So, it’s January 11. How are your New Year’s resolutions going? Your answer is probably one of these three:
- Um, well…
- I didn’t make any because I never accomplish them anyway, so whatever.
If you answered #1, rock on and have fun. How about the other two? If you’re struggling, or if you don’t bother with our culture’s January ritual, I have one thing to say: New Year’s resolutions suck.
That’s right, I said they suck. But why? Isn’t it good to have a fresh start, to look at your life and decide how you can live it better?
YES! I love fresh starts. I love taking a step back and seeing what might need changing. We all fall into patterns of thinking, behaving, and choosing. Over time those patterns can get stagnant, or maybe they never served us in the first place. Stagnation causes pain, both physical and emotional, so shaking things up is often energizing and inspiring.
Why do resolutions suck, then? Because they’re so rarely about how we want to feel. Instead, we choose them based on the messages we receive about who we’re supposed to be. We’re supposed to be people who eat vegetables at every meal. We’re supposed to exercise daily. We’re supposed to be organized and productive. We’re supposed to be kind and loving.
There’s not necessarily anything wrong with those messages. But if you’re someone who’s ever made a resolution that sounds like the above, did you do it because eating vegetables at every meal is something that will align your life with how you want to feel? Or did you do it because you absorbed a finger-wagging message that not eating vegetables makes you, somehow, a slightly lesser person?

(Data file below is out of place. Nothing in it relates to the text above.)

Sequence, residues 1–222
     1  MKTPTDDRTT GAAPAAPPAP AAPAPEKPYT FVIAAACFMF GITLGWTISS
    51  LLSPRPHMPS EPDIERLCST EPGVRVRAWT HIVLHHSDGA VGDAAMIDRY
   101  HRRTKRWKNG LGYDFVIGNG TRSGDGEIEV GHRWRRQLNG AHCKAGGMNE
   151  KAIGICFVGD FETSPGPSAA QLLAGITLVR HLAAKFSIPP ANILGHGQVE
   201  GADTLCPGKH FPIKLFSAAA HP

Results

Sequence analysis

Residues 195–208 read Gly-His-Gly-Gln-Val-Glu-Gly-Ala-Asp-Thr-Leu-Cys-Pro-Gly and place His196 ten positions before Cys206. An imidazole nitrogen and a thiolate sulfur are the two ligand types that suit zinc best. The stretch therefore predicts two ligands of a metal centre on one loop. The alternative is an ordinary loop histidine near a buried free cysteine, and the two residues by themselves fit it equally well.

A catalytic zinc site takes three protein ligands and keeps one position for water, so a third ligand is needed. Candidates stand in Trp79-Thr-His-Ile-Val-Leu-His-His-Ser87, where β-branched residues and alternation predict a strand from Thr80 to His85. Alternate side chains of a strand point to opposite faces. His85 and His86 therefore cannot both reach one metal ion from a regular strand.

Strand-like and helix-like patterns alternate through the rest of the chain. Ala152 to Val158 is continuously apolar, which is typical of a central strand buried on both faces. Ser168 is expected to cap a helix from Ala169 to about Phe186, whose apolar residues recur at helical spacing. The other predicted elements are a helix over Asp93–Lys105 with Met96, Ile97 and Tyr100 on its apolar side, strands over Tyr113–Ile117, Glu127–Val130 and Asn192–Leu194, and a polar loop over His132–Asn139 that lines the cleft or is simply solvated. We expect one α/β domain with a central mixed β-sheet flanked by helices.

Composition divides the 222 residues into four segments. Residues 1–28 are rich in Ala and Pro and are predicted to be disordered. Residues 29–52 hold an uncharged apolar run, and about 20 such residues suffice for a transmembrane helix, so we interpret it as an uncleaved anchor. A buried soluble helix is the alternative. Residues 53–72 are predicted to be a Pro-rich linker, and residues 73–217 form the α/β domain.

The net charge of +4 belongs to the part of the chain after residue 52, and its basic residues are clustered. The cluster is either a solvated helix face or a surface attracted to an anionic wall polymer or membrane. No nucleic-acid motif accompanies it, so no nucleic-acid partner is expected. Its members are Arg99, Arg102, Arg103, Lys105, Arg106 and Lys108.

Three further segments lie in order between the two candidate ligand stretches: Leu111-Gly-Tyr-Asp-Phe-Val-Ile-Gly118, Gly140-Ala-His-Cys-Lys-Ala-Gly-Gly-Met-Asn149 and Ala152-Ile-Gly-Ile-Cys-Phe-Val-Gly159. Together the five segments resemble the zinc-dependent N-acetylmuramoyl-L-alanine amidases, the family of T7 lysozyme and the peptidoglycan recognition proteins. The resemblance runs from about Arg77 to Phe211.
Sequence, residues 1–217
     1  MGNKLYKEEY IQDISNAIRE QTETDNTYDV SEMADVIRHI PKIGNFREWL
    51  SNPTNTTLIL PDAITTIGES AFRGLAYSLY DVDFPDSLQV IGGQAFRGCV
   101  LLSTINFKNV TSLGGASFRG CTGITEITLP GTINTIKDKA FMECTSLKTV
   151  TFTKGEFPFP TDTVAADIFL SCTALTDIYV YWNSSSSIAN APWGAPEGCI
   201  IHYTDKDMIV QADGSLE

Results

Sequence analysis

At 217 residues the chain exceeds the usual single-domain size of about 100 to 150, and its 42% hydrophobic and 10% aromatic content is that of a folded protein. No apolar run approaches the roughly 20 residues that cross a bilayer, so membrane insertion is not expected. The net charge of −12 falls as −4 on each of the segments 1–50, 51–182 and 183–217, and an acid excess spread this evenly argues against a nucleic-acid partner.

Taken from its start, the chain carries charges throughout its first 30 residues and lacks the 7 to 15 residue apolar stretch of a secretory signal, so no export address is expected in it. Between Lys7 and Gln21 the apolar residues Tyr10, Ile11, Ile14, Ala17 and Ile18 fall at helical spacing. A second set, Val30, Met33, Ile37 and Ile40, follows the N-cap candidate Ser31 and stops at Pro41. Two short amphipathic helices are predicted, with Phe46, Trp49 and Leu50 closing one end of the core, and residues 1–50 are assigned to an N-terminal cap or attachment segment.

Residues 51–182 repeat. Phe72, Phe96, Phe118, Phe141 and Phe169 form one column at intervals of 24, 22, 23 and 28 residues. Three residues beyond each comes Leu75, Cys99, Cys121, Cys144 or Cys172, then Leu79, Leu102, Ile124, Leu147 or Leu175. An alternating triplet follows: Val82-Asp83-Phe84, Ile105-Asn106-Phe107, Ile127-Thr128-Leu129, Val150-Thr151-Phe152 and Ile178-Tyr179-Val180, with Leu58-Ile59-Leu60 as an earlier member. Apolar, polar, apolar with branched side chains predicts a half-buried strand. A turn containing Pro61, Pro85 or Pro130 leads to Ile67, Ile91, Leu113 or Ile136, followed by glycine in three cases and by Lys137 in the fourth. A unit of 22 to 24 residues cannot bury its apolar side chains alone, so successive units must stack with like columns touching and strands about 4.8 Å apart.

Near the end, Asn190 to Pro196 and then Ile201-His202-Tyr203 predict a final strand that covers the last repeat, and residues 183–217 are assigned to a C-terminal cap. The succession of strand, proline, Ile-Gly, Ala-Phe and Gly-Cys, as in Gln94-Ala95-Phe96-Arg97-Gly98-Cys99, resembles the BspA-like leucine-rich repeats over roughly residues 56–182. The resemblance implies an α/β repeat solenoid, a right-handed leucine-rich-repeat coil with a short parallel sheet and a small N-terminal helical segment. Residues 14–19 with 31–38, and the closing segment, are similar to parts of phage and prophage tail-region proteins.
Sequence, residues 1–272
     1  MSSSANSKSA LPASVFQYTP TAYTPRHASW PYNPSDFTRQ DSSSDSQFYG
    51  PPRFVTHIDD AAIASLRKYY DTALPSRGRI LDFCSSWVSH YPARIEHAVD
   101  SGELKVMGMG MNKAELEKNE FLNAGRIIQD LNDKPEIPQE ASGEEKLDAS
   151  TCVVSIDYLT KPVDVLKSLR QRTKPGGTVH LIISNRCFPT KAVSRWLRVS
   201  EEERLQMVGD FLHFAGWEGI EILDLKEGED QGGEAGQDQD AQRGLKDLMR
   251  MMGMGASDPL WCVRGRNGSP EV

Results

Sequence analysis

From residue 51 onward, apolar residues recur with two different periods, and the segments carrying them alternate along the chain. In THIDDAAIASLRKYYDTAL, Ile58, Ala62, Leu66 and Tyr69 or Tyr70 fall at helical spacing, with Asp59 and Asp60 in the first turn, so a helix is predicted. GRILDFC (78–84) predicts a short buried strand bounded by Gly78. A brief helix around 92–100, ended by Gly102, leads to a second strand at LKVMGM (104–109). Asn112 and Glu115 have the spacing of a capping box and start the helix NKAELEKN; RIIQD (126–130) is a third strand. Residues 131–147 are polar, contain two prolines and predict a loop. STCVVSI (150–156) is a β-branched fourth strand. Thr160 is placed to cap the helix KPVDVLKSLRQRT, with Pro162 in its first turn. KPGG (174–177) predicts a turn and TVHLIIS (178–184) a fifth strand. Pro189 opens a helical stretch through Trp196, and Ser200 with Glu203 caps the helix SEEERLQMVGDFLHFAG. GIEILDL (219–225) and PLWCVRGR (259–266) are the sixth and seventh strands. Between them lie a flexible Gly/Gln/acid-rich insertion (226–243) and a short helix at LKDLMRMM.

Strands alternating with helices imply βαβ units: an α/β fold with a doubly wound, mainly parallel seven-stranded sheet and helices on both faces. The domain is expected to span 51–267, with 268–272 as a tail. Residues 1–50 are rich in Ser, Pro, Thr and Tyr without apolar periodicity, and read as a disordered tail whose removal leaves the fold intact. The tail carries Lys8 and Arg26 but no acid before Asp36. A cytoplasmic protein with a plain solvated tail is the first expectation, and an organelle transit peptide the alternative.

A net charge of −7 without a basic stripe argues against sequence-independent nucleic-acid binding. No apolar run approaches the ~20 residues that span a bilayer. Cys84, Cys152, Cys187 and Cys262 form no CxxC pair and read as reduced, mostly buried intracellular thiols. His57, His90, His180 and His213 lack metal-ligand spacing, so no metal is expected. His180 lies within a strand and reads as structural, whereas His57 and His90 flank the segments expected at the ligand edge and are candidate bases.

One of those motivations is way more likely to lead to success than the other. Change is hard, and it’s normal to have an adjustment period when we shift our habits. However, if we try to shift because we think we’re supposed to, we set ourselves up for shame and failure. I made lists of resolutions for many years. I’d do fine for a week, maybe a month. By February the “new me” was always starting to fall apart, and by springtime I’d forgotten about her completely.
So I don’t make resolutions anymore. I make intentions, and these days that usually looks like a single word. It starts with several words, but over time one yells at me louder than any of the others. That’s the one I choose, because it’s the one my intuition knows I need the most.
What’s my word for 2017? Selfishness.
Yeah, I said selfishness. I know. I resisted it for weeks, and even looked in the thesaurus for a more palatable synonym (there isn’t one).
In reality, my inner vision of selfishness looks a lot like self-care. I don’t have a grand 2017 plan to be a total jerk. But it’s easy to put off self-care. We all think “I’ll do that nice thing for myself later, when I’ve ‘earned’ it by being productive enough, when I’m not in the middle of doing this other thing, when I’m not in such a rush to get out the door, when I’ve had more sleep, when I’m in a better mood…”
What does this pattern look like? It looks like skipping that nice thing way too often, which is one way we wordlessly tell ourselves our needs aren’t actually all that important.
Hence: selfishness. The word shocks me. It makes me laugh. Because it’s a word nobody is EVER supposed to apply to themselves, I don’t tune it out easily. Instead I wonder what selfish means in any given moment, and if that thing really will make me a jerk or will instead nourish me.
Every time I remind myself that selfishness is my chosen intention for the year, it acts as a reminder of how I actually want to feel: genuinely respectful of myself. And that’s what I think helps achieve other goals, things that might be New Year’s resolutions if I made them. If I live each day respecting my own needs, kindness follows. Healthy productivity follows. Vegetables follow. Love follows.
Happy 2017 to you all.